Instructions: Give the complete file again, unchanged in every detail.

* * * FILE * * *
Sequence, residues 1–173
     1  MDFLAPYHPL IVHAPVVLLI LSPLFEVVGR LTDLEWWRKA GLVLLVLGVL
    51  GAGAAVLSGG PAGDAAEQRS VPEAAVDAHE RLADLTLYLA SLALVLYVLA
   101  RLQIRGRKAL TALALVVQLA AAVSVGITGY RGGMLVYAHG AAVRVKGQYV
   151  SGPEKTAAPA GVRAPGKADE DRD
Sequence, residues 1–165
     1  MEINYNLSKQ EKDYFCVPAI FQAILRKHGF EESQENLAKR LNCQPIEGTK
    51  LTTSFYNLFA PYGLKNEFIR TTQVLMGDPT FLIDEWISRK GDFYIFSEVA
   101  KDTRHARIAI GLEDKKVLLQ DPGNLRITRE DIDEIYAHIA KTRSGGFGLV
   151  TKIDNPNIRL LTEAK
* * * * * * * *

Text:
Sequence, residues 1–173
     1  MDFLAPYHPL IVHAPVVLLI LSPLFEVVGR LTDLEWWRKA GLVLLVLGVL
    51  GAGAAVLSGG PAGDAAEQRS VPEAAVDAHE RLADLTLYLA SLALVLYVLA
   101  RLQIRGRKAL TALALVVQLA AAVSVGITGY RGGMLVYAHG AAVRVKGQYV
   151  SGPEKTAAPA GVRAPGKADE DRD
Sequence, residues 1–165
     1  MEINYNLSKQ EKDYFCVPAI FQAILRKHGF EESQENLAKR LNCQPIEGTK
    51  LTTSFYNLFA PYGLKNEFIR TTQVLMGDPT FLIDEWISRK GDFYIFSEVA
   101  KDTRHARIAI GLEDKKVLLQ DPGNLRITRE DIDEIYAHIA KTRSGGFGLV
   151  TKIDNPNIRL LTEAK